In an implantable device whose operation is controlled by a microprocessor, it has been recognized that power can be conserved by partially or fully deactivating the microprocessor during intervals where no processing is necessary. Modern microprocessors, which are capable of executing potentially millions of instructions per second, can accomplish the instruction processing necessary to control an implantable device's operation in a very short time relative, for example, to the length of a typical human cardiac cycle. This means that it is not necessary for the processor to be fully active, or to be operating at its fastest possible clock speed, for a substantial portion of each cardiac cycle.

U.S. Pat. No. 4,404,972 to Gordon et al., entitled "Implantable Device With Microprocessor Control," represents one example of a prior art pacemaker which takes advantage of the processing speed of a microprocessor as compared to the length of a human cardiac cycle. In the Gordon et al. '972 reference, a pacemaker is described in which various electronic subsystems, including the pacemaker's control microprocessor, are fully activated only in response to predetermined "wake-up" events. For example, when the microprocessor completes the operating routine specified to occur following the occurrence of one event (e.g., a ventricular event), one or more wake-up events (e.g., an atrial event) is identified, and the microprocessor is deactivated. Circuitry for detecting the desired wake-up event(s) remains activated, so that upon occurrence of a wake-up event, the microprocessor and other appropriate electronic subsystems can be re-activated. However, since the microprocessor is deactivated for much of the interval between the two events, overall power consumption is reduced.

In U.S. Pat. No. 5,350,407 to McClure et al., entitled "Implantable Stimulator Having Quiescent and Active Modes of Operation," there is proposed an implantable pacemaker system in which the pulse generator is selectively operable in either a quiescent state or an active state. After manufacture of the device, the device is placed into its quiescent state, in which various sub-circuits are disabled, thereby reducing the device's power consumption prior to implant. A "wake-up" circuit continues to be operable, so that a clinician can subsequently fully reactivate the device, for example, with an activating command transmitted from an external programming unit. This arrangement is characterized as minimizing device consumption particularly during the "shelf-life" of the device, i.e., the period of time between manufacture and actual implantation of the device.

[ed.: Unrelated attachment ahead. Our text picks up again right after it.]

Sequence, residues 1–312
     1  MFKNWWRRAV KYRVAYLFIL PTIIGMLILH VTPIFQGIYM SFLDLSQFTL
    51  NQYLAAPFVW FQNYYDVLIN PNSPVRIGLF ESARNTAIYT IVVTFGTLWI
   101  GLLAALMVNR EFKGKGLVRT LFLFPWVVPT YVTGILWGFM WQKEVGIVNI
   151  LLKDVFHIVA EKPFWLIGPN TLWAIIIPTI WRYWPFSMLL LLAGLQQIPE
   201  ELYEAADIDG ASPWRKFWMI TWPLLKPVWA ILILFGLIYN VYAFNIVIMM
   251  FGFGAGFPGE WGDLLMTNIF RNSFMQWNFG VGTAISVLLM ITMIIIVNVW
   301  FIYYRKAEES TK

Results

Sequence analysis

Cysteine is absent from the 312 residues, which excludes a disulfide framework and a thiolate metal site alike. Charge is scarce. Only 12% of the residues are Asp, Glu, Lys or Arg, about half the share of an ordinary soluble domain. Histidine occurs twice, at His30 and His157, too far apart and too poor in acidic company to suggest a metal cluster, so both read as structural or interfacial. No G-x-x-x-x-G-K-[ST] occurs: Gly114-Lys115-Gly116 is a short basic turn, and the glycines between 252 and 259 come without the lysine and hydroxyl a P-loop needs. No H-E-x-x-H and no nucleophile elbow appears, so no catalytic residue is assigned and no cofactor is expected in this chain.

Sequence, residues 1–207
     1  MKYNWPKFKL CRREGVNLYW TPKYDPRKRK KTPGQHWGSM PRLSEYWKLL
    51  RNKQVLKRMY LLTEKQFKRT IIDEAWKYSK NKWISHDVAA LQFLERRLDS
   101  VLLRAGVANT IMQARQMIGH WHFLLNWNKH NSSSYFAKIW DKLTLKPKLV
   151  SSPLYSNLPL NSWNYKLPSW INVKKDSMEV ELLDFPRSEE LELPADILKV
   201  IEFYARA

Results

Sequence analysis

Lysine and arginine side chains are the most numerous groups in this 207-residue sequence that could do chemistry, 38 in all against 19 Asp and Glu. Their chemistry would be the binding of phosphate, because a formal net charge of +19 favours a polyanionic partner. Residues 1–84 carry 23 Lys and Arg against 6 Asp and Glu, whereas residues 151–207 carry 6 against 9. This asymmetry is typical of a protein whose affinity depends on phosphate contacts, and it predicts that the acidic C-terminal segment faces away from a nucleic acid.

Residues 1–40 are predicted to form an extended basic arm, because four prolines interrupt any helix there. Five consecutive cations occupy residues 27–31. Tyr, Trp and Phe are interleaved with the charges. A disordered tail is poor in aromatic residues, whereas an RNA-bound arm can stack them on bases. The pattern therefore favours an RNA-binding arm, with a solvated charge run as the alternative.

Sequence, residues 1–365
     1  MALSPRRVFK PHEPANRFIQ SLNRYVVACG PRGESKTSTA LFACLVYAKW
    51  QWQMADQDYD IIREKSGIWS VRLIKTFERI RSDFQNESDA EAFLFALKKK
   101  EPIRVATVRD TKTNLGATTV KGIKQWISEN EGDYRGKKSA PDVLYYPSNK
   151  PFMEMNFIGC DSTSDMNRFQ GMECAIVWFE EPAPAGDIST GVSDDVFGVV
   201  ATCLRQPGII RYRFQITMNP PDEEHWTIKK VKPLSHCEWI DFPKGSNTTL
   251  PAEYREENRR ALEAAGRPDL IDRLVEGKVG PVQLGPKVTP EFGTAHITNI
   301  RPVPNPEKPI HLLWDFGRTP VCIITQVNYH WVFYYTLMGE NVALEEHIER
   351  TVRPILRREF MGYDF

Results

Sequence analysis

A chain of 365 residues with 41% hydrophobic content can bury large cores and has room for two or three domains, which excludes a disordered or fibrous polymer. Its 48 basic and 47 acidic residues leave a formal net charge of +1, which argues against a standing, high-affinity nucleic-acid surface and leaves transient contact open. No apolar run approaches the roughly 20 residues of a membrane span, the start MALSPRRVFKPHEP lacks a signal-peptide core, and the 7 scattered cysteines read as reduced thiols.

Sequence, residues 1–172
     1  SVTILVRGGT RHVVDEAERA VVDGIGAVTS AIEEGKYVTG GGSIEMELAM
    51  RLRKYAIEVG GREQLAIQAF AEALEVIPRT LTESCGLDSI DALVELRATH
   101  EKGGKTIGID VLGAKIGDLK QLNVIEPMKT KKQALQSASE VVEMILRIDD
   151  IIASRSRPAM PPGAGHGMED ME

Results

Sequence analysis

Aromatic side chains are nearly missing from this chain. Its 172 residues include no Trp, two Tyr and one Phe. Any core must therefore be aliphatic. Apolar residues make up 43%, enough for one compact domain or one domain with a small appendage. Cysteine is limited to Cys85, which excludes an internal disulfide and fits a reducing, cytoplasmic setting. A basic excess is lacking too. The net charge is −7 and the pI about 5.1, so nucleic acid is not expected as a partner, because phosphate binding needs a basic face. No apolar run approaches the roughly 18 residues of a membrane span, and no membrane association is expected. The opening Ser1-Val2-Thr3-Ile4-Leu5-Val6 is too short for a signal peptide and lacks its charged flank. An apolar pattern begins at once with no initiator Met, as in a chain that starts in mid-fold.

In U.S. Pat. No. 5,476,485 to Weinberg et al., entitled "Automatic Implantable Pulse Generator," there is proposed another pacemaker system that is provided with capabilities intended to minimize power consumption during the "shelf-life" of the device. The Weinberg '485 reference appears to propose a pacemaker having the capability of automatically detecting when the device has been implanted, such that prior to such detection the pacemaker can operate in a reduced power consumption mode. The implant detection is based on an assessment of lead impedance, and may also be based on an assessment of device temperature.